Science & technology
Technology and the Brain
Socrates railed against the invention of the alphabet, worrying that the written word would erode human memory. Imagine how he would have felt about Google Maps and iPhone calendar alerts.
Technological revolutions have always spawned both opportunity and panic. Today, digital technology is evolving at an unprecedented rate, and research into its effects on the human brain is struggling to…
Kate Grenville: The Smell Test
Many grand pronouncements have been made about the power of perfume – most of them by glamorous people who sell perfume. (‘A woman who doesn’t wear perfume has no future,’ said Coco Chanel. ‘A woman’s perfume tells more about her than her handwriting,’ said Christian Dior.) But what do we know about the harmful effects of fragrances; the power of…
The Longform Society
Meeting #1: Robots
In our first meeting of the Longform Society we’ll read a selection of compelling, entertaining and occasionally terrifying pieces on the subject of robots and artificial intelligence.
Will humans have moral obligations to robots? Are we guilty of ‘origin chauvinism’ if we believe only natural phenomena can exhibit consciousness? And is this line of thinking a sinister cousin to racism…
Kyle Wiens: Right to Repair
‘When you fix something – just for a moment – entropy loses its iron grip on the universe,’ Kyle Wiens has written. ‘When you fix something – just for a moment – you’re the victor.’
Kyle Wiens is a consumer activist and the CEO of iFixit, an online repair community. A crusader against planned obsolescence, he believes in the power…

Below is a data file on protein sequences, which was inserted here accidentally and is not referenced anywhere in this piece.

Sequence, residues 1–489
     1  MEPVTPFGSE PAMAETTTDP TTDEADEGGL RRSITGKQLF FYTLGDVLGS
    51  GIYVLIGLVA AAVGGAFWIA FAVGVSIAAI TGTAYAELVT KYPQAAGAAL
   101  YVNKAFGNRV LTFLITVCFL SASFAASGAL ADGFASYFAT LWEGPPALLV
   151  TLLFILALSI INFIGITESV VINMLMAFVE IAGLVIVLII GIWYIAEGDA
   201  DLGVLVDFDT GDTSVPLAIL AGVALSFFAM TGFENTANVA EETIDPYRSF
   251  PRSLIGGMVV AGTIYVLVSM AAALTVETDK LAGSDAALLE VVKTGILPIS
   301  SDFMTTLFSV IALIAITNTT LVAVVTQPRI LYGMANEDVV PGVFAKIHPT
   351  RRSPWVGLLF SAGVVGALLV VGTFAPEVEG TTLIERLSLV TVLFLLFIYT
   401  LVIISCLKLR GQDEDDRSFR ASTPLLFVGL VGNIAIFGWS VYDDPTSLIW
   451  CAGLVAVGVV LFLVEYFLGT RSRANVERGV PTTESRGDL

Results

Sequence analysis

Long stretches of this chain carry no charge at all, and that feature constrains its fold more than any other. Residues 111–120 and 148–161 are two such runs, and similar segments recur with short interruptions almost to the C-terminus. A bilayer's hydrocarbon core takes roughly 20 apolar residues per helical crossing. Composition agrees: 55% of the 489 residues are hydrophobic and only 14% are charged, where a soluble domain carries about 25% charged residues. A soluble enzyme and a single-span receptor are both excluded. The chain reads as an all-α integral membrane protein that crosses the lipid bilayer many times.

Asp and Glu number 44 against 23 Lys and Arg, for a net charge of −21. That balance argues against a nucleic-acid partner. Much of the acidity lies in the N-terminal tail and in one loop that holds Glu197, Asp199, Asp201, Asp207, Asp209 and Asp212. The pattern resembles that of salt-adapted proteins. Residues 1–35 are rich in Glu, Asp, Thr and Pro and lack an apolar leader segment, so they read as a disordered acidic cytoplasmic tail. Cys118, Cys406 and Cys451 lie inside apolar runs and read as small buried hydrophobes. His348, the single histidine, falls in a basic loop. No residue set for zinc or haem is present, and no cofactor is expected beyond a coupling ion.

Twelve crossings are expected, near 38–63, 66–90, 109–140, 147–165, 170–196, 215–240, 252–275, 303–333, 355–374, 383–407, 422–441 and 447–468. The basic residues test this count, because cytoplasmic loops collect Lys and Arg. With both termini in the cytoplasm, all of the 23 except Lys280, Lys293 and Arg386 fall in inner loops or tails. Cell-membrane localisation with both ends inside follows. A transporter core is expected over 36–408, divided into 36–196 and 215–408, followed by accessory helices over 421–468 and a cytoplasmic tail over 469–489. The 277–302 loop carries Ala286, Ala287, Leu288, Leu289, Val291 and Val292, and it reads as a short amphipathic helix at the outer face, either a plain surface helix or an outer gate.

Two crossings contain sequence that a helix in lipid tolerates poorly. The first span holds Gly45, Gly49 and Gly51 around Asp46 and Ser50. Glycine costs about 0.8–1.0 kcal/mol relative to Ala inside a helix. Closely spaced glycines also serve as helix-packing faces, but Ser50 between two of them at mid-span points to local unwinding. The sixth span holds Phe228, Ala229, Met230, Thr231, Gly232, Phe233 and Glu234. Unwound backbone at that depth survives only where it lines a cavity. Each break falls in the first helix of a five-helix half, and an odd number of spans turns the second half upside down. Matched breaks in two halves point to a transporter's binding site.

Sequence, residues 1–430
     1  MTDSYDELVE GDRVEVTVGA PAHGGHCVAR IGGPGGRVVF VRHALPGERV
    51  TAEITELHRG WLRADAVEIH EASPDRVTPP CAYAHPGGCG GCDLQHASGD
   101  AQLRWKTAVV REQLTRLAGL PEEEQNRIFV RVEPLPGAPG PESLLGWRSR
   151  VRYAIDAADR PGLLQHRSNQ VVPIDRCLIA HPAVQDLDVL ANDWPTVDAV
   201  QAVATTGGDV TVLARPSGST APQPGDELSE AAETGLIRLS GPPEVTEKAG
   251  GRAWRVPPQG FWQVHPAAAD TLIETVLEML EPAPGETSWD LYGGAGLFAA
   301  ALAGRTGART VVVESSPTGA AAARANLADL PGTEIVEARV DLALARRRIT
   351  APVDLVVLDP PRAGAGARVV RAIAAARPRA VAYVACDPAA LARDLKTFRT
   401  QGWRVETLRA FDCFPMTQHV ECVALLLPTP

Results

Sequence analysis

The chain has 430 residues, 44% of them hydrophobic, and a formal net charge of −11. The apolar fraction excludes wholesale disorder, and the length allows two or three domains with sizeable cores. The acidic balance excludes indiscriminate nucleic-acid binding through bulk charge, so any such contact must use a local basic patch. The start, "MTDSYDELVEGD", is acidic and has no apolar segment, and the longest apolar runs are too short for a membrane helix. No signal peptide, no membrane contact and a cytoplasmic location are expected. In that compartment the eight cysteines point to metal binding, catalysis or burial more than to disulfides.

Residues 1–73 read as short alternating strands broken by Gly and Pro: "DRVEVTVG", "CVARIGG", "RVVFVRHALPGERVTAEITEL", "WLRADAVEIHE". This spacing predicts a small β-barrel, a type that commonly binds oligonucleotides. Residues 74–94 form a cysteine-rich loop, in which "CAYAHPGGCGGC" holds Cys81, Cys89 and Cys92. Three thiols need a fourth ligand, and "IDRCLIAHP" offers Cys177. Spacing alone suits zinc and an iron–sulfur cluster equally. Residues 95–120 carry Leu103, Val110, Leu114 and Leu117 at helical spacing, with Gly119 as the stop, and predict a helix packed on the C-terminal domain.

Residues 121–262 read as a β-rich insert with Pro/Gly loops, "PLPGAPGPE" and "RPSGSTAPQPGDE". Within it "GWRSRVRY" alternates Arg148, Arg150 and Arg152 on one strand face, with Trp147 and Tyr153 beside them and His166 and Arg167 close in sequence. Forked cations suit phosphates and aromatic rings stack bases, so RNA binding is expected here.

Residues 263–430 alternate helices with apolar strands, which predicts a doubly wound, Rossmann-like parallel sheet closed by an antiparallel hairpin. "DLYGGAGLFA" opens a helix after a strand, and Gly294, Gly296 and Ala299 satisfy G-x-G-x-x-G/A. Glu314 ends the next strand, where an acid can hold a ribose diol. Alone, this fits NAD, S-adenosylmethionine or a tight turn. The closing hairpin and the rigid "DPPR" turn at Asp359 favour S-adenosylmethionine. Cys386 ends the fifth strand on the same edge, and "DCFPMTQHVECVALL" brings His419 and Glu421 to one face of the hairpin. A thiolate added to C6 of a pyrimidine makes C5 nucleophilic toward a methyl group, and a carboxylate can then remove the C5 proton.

Life on Mars: Carmel Johnston
‘You can fake your personality for a couple of weeks, at most ... But over the long term, your true personality will come out.’
Carmel Johnston, an environmental scientist, was the crew commander of NASA’s most recent Hawaii Space Exploration Analog and Simulation (HI-SEAS) project. As part of this mission, she spent an entire year living with five other scientists…
Invasion of the Pod People: Radiolab, Risk and Genius: Jad Abumrad and Andrew Denton
Radiolab is one of the world’s most popular podcasts. Admired for its gentle explorations of big questions, the show – which was collecting listeners in their millions long before podcasting arrived at the mainstream’s door – has won many significant awards. Abumrad himself has been awarded a prestigious MacArthur Genius Grant, and his incredibly labour-intensive sound designs complement killer editorial instincts…
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Zadie Smith vs Facebook
Poster from the film, The Social Network
The New York Review of Books has published a scathing review by novelist Zadie Smith on the film, The Social Network.
Smith damns the bio-pic of Facebook creator Mark Zuckerberg not for its portrayl of the boy genius but as “a cruel portrait of us: 500 million sentient people entrapped in the recent careless thoughts of…
Oxford Dictionary Finally Gets Into Sexting
The 12th edition of the Concise Oxford English Dictionary has been hauled into the 20th century, with a number of first-time additions to the dictionary reflecting the rise and rise of online culture. New words include cyberbullying, denialist, jeggings, mankini, retweet, sexting and woot (informal [especially in electronic communication] used to express elation, enthusiasm, or triumph). Some…
New News by the Centre for Advancing Journalism
Media Policy Makers and Shakers: What can government do?
Man Macmillan Signs Up First Title for Ebook Imprint
An Australian writer is seeking to become a pioneer of digital publishing with a venture that’s making the most of new publishing technologies. Nathan Farrugia has an ambitious project in mind - in fact, he’s calling it ‘the future of story-telling’. The Chimera Vector is, according to its author, “a conspiracy techno-thriller of unusual depth, snappy dialogue and edge-of-your-seat action”. Farrugia has turned to…
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